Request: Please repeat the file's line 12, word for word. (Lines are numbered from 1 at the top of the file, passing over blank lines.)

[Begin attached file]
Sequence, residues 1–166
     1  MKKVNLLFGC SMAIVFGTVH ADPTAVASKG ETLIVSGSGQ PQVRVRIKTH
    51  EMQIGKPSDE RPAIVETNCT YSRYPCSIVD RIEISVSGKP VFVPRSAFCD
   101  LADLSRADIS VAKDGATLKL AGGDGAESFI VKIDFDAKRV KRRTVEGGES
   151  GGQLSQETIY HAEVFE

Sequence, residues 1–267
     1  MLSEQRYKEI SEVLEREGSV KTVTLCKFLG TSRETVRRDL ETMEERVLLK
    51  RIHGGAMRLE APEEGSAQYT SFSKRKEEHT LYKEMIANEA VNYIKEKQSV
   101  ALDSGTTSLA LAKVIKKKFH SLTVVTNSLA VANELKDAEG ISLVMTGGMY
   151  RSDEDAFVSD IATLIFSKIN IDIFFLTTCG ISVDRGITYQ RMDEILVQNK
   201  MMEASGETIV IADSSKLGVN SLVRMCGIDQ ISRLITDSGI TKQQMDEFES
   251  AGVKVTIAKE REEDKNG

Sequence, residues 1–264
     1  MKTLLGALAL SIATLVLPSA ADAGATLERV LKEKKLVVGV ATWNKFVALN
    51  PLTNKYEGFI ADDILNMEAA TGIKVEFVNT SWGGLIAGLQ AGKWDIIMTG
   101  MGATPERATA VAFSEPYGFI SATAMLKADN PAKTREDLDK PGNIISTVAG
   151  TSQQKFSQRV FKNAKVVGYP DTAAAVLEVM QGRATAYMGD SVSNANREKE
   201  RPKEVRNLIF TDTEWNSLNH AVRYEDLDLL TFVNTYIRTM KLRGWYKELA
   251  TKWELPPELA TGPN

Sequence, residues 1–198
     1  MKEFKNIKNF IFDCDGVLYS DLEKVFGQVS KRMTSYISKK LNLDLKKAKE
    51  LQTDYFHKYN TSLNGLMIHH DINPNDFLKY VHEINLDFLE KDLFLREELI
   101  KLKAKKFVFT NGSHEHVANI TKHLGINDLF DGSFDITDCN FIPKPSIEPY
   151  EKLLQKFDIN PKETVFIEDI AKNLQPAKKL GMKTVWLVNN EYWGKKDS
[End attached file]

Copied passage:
   251  AGVKVTIAKE REEDKNG